The area is filled with different public art you can look at. It includes murals, statues, life-size transformers, and more. There is a lot of unique art at Pier-2 Art Centre.

The area has a really cool hipster-esque vibe that doesn’t feel pretentious.

There are also a number of shops and cafes that you can stop at to do some shopping or pick grab a snack.

How Long Should You Spend at Pier-2 Art Centre?

This is a difficult thing to estimate because the amount of time you’ll want to spend at Pier-2 Art Centre directly corresponds with how much you enjoy art and how much of the are you want to explore.

You’ll need at least an hour at Pier-2 Art Centre, but it is really easy to spend much longer there exploring.

Dream Mall

The next stop on the Kaohsiung itinerary is a stop at Dream Mall. Dream Mall is the largest mall in Taiwan and is one of the largest malls in all of East Asia.

Dream Mall is often overlooked on Kaohsiung itineraries, but I think it is worth checking out!

How to get from Pier-2 Art Centre to Dream Mall

This is the only time in the Kaohsiung itinerary that you’ll be using the light rail system so soak in the moment if you’re a transportation nerd and love riding different forms of transit!

To get from Pier-2 Art Centre to Dream Mall, you simple get on the light rail system at either Penglai Pier-2 (C13) or Dayia Pier-2 (C12). Both stations are near the Pier-2 Art Centre, so you just have to choose whatever station is closest to where you are.

After you’re on the light rail system, you ride it until you get to the Dream Mall Station (C5). The light rail isn’t nearly as quick as the metro, so it takes a little longer to get from Pier-2 Art Centre to Dream Mall than it would if the metro ran between the two locations.

At Dream Mall Station, you just have to walk across the street, and you’re at the mall.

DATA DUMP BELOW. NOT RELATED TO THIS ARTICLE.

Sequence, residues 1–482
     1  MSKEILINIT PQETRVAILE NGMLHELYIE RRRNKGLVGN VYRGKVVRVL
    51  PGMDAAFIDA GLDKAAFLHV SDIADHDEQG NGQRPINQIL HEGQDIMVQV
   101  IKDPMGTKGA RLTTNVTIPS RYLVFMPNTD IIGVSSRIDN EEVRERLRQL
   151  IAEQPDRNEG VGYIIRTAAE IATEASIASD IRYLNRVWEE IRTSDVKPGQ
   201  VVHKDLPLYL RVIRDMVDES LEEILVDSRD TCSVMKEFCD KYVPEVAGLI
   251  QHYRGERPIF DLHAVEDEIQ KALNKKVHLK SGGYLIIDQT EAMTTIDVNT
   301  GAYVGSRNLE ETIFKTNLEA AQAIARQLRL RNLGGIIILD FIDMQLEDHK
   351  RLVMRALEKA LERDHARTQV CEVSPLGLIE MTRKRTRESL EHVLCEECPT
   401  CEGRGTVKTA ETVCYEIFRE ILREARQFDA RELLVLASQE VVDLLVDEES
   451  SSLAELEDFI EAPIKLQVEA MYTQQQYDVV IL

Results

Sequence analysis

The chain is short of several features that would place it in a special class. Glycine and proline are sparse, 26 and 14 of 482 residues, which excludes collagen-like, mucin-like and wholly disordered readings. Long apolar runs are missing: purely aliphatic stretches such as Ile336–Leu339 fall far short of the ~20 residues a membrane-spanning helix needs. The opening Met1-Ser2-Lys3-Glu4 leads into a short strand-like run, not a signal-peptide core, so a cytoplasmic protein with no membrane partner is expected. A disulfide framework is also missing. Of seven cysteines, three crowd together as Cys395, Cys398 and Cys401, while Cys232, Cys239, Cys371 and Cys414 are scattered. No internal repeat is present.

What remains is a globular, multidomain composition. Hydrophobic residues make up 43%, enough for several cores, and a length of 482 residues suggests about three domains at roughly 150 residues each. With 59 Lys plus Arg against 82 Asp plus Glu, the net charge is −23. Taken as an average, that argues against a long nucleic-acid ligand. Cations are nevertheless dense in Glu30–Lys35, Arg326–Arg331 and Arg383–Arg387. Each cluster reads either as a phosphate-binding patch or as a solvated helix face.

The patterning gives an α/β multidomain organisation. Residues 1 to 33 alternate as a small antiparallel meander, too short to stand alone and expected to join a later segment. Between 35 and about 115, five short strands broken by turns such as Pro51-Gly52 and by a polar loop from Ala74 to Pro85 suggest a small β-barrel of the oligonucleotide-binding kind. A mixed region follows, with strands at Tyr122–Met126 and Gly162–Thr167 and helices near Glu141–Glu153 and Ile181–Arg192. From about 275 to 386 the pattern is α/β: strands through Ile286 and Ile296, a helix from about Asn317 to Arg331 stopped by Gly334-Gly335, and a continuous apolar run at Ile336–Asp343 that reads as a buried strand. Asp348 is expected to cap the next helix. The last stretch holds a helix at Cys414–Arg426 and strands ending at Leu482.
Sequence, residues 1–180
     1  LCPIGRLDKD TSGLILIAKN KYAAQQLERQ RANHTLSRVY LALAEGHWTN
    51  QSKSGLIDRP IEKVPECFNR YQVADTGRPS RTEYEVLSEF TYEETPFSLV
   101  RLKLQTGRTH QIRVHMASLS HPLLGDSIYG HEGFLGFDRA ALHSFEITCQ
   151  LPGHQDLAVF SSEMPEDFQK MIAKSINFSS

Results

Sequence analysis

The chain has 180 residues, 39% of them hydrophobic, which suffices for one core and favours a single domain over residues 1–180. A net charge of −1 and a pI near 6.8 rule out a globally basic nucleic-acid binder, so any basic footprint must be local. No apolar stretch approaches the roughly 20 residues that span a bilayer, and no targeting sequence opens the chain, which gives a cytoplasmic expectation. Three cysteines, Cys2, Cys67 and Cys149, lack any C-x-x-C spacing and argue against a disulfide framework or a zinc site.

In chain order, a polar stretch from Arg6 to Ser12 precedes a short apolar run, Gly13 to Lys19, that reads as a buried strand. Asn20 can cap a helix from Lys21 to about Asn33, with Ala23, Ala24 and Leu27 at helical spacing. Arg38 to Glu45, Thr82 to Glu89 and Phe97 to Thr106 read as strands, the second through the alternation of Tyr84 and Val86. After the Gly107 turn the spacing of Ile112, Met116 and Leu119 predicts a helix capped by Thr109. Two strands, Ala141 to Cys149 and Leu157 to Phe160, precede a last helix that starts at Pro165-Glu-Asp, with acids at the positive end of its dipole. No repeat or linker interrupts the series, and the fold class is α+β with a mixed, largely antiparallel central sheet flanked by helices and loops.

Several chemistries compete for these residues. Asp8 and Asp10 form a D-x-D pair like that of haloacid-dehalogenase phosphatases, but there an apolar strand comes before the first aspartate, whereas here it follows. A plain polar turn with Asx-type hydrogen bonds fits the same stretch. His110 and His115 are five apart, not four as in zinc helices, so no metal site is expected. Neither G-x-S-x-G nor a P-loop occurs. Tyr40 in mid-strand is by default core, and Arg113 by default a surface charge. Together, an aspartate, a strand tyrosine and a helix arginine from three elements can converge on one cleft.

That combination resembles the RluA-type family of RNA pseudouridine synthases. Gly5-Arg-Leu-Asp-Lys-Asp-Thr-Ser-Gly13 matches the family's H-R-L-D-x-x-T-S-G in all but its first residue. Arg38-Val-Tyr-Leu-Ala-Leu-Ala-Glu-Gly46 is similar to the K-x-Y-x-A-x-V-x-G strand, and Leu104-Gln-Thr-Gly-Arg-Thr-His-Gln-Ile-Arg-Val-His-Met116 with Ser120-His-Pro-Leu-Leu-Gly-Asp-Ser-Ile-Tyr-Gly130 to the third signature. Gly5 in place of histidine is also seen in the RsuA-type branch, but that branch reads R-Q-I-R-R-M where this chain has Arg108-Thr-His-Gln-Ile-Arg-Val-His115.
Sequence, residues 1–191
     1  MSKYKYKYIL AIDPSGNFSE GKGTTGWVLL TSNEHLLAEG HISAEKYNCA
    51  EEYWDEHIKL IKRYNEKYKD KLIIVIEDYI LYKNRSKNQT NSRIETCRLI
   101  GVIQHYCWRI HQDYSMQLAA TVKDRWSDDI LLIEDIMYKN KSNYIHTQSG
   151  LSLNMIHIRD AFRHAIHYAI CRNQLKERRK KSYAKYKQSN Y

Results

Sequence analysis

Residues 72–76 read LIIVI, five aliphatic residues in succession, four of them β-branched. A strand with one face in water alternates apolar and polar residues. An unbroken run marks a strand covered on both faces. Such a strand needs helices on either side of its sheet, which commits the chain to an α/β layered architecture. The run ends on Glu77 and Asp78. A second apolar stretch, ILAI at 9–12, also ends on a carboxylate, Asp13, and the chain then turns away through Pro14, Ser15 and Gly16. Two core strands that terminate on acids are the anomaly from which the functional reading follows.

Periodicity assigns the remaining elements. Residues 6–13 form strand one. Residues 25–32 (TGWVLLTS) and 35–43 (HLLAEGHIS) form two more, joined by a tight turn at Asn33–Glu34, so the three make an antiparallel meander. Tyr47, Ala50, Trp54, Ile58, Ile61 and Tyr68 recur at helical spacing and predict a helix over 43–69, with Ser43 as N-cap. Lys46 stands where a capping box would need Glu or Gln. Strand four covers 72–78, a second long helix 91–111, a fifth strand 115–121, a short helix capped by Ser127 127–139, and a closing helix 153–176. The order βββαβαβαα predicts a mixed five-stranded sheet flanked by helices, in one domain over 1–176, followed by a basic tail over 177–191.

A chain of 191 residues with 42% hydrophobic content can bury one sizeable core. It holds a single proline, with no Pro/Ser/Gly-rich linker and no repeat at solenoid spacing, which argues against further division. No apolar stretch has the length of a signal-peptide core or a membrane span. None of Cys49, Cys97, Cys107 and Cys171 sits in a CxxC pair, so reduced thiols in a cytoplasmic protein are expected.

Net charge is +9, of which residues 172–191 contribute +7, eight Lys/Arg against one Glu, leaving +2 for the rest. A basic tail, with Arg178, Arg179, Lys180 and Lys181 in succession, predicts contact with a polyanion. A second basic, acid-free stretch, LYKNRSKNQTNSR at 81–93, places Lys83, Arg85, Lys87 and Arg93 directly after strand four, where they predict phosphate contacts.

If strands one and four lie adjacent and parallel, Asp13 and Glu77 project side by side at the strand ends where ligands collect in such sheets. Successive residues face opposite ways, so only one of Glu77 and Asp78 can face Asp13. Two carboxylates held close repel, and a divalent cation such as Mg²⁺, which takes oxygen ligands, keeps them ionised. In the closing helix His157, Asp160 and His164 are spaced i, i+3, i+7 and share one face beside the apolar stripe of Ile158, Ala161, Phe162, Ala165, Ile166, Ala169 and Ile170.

Things to do at Dream Mall

Shop ’til you drop

Shopping is the most obvious thing to do at Dream Mall. The mall is huge, and there are seven stories of stores you can explore.

Each story is dedicated to a certain shopping theme, so it is really easy to find what you’re looking for. For example, all the women’s clothing is on one floor and all the children’s clothing is on a separate floor.

The majority of the stores in Dream Mall are international stores, and you won’t mind many unique stores. Most of the stores you could find in any mall around the world.

eat, eat, and eat some more

The entire bottom level of Dream Mall is dedicated solely to food! There are tons of different bakeries, sweet shops, cafes, and restaurants. You’re guaranteed to find something that suits your fancy.

This is the perfect place to grab lunch or have a coffee and relax a bit after a busy day.

amusement park

There is an amusement park on the roof of Dream Mall! It is a very small amusement park, but it is an amusement park nonetheless.

The highlight of the amusement park is the ferris wheel that sits on the roof. It gives you spectacular views of Kaohsiung if you’re brave enough to ride it.

The rides are a bit expensive, but it is pretty neat to check out and wander around for a while.

How Long Should You Spend at Dream Mall?

This depends on how much shopping you’re going to do. You’ll need at least 60 to 90 minutes to explore all of Dream Mall, grab a bite to eat, and check out the amusement park.